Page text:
Bangko Sentral ng Pilipinas Governor Amando M. Tetangco, Jr. announced that outstanding Philippine external debt stood at US$77.7 billion as of end-June 2016, marginally up by US$81 million (or 0.1 percent) from the end-March 2016 level of US$77.6 billion.
The increase was attributed to foreign exchange (FX) revaluation adjustments (US$821 million) as the US Dollar weakened, particularly against the Japanese Yen, whose impact was offset by net repayments (US$680 million), previous periods’ adjustments due to late reporting (US$44 million) and reduction in non-resident holdings of Philippine debt papers (US$17 million).
Year-on-year, the debt stock rose by US$2.7 billion (or 3.6 percent) from US$75.0 billion in June 2015 due to FX revaluation, and other adjustments in previous periods (US$2.6 billion), as well as net availments (US$561 million). A US$424 million decline in non-resident investments in Philippine debt papers issued offshore partly mitigated the upward trend in debt stock.
External debt refers to all types of borrowings by Philippine residents from non-residents, following the residency criterion for international statistics.
External Debt Ratios
The Governor further stated that key external debt indicators remained at comfortable levels in the second quarter of 2016. Gross international reserves stood at US$85.3 billion as of end-June 2016, much higher than the US$83.0 billion level in March 2016. The amount represents 5.9 times cover for short-term (ST) debt under the original maturity concept.
The DSR, which relates principal and interest payments (debt service burden or DSB) to exports of goods and receipts from services and primary income, is a measure of adequacy of the country’s FX earnings to meet maturing obligations. The current ratio of 6.2 percent is slightly higher than the 6.1 percent level in end-March 2016 due to a larger increase in DSB (as annualized from US$6.1 billion to US$6.3 billion) compared to the increase in receipts (from US$100.3 billion during the 12-month period or annualized [April 2015 – March 2016] to US$100.8 billion [July 2015 to June 2016]). Year-on-year, the ratio also increased from 5.9 percent in June 2015 due to lower receipts and higher payments. Nevertheless, the DSR has consistently remained at single digit levels since 2010 and well below the international benchmark range of 20.0 to 25.0 percent.
The external debt ratio, or total outstanding debt (EDT) expressed as a percentage of annual aggregate output (GNI), improved to 21.7 percent from 21.9 percent level in March 2016, but was higher than the 21.3 percent level recorded a year ago. Using GDP as denominator, the ratio likewise improved to 26.2 percent from 26.5 percent in end-March 2016 as the economy posted a 7.0 percent growth in the second quarter of 2016 (from 5.9 percent in the same period last year). Year-on-year, however, the ratio is higher than the 25.7 percent level in June 2015 due to a larger growth in the debt stock (from US$75.0 billion in June 2015 to US$77.7 billion by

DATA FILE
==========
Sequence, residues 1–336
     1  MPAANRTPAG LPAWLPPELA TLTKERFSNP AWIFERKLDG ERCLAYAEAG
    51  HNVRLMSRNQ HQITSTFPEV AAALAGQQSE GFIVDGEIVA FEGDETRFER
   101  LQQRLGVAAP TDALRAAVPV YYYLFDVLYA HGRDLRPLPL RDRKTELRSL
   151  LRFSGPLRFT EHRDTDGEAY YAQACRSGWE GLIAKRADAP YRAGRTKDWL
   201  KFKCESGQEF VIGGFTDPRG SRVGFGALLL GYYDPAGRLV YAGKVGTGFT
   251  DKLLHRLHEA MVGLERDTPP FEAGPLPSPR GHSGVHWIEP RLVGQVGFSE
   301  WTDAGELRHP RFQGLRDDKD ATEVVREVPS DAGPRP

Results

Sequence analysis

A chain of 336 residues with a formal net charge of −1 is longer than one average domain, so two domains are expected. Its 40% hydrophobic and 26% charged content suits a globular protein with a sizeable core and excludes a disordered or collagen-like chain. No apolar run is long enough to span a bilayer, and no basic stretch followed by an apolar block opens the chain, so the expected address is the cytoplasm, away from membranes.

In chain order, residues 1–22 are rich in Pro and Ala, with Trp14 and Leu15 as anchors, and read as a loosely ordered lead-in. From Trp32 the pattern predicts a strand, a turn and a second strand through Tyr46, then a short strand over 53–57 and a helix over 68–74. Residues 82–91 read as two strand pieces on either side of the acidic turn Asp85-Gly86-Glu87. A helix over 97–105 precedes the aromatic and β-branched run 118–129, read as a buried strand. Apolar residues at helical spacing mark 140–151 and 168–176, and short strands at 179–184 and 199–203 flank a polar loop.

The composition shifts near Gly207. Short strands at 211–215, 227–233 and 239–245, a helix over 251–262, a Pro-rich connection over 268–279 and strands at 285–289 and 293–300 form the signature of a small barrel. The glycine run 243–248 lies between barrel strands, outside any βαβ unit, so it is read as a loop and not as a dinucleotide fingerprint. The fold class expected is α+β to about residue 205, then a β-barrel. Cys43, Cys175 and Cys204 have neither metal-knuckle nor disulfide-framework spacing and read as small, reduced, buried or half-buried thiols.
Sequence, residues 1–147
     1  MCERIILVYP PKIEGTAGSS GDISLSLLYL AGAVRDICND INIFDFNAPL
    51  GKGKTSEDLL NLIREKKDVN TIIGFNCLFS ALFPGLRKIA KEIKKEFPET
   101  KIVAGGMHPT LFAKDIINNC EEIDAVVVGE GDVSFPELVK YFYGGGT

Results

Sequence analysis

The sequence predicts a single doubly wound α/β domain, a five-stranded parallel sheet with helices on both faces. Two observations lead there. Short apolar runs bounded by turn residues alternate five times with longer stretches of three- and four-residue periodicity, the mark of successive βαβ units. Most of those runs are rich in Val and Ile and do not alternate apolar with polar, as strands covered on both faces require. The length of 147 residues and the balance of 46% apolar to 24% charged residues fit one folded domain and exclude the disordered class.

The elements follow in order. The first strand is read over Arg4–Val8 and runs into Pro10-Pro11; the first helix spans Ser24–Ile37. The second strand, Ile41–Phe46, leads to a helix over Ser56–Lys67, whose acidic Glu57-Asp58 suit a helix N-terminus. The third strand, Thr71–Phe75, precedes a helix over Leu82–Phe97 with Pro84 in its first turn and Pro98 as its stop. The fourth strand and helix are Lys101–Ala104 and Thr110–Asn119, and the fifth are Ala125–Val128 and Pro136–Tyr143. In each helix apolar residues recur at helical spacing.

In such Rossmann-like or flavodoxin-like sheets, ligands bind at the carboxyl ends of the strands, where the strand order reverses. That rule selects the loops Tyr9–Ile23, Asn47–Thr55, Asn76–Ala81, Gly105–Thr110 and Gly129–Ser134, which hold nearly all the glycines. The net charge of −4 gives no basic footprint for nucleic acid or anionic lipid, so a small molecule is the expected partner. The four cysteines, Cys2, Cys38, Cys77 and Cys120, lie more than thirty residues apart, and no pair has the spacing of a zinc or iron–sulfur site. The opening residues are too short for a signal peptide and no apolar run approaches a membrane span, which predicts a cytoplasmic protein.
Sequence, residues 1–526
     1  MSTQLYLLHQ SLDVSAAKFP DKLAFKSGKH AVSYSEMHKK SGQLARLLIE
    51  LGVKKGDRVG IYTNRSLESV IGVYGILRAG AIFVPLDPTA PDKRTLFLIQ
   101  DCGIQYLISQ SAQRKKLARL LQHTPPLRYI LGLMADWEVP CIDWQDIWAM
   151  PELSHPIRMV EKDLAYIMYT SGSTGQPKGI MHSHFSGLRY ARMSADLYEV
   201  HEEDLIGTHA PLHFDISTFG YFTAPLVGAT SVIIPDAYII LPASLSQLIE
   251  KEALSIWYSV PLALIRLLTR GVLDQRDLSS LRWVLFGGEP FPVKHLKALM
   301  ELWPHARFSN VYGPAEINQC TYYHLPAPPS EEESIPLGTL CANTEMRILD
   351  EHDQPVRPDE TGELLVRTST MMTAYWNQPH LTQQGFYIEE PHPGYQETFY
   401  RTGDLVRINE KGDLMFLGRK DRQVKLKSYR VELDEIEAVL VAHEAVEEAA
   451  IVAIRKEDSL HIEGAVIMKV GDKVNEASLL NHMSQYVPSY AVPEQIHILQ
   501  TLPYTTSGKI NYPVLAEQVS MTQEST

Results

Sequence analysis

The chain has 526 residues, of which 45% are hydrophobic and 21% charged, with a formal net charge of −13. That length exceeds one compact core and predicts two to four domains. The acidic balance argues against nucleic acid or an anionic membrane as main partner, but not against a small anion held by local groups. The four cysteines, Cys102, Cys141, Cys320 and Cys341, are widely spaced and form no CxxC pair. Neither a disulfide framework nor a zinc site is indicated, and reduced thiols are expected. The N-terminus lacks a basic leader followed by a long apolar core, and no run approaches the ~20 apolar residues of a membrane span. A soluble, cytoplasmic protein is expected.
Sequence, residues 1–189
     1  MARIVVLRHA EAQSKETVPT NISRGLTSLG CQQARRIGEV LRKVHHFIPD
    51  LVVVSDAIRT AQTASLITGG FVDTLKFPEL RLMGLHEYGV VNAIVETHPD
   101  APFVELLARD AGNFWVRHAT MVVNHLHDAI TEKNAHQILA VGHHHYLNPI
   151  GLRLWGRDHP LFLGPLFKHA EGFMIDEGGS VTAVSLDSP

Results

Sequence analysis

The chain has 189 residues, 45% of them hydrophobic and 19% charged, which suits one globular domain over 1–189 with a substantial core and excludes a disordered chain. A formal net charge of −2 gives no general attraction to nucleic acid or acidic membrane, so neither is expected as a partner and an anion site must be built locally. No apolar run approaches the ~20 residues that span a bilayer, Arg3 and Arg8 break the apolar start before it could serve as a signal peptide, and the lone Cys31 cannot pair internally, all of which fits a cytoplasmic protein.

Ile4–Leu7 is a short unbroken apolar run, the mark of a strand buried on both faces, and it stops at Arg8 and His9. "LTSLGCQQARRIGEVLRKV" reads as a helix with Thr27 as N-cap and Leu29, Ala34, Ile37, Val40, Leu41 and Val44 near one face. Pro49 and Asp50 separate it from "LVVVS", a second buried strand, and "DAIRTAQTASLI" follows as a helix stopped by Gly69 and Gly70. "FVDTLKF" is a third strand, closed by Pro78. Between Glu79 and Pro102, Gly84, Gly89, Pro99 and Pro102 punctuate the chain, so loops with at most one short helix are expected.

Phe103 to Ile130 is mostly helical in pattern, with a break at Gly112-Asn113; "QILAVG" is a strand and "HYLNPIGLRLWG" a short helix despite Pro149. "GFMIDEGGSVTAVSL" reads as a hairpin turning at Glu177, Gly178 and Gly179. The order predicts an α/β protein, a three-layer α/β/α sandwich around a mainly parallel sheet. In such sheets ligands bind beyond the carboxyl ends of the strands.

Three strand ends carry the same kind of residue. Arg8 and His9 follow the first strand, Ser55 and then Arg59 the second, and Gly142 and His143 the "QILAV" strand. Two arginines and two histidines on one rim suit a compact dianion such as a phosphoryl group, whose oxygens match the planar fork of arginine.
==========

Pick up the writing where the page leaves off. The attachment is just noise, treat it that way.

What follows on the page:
The bulk (81.3 percent or US$63.2 billion) of the country’s external debt continued to be largely medium- to long-term (MLT) in nature [i.e., those with original maturities longer than one (1) year]. This means that FX requirements for debt payments are well spread out and, thus, manageable.
The weighted average maturity for all MLT accounts improved to 17.1 years by end-June 2016, from the 16.9 years in the preceding quarter. Public sector debt was noted to have a longer average term of 23.0 years compared to 8.0 years for the private sector.
ST liabilities accounted for the 18.7 percent balance of debt stock and consisted of bank borrowings, intercompany accounts of foreign bank branches, trade credits, and deposit liabilities.
Public sector borrowings stood at US$39.4 billion (or 50.7 percent of total debt stock), higher by US$440 million from the US$38.9 billion level in March due to FX revaluation adjustments (US$822 million), which was slightly mitigated by net repayments (US$229 million) and a decline in non-resident investments in Philippine debt papers (US$151 million).
On the other hand, private sector debt aggregated US$38.4 billion (49.4 percent of total), down by US$360 million from March 2016 due largely to net repayments (US$450 million), which was partly mitigated by an increase in non-resident holdings of private sector debt papers issued offshore (US$134 million).
Obligations to foreign banks and other financial institutions continued to have the largest share (32.6 percent) of outstanding debt, followed by official sources (multilateral and bilateral creditors – 31.7 percent). Borrowings in the form of bonds/notes held by non-residents accounted for 29.1 percent, while the 6.6 percent balance were owed to other creditor types (mainly suppliers/exporters).
The country’s external debt stock remained largely denominated in US Dollar (63.0 percent) and Japanese Yen (12.5 percent). US dollar-denominated multi-currency loans from the World Bank and the Asian Development Bank represented 12.5 percent of total, while the 10.9 percent balance pertained to 17 other currencies, including the Philippine Peso1 (7.1 percent), SDR (2.2 percent), and the Euro (1.1 percent).
1 Based on the balance of payments definition, debt held by non-residents even if denominated In Philippine Peso are considered external debt.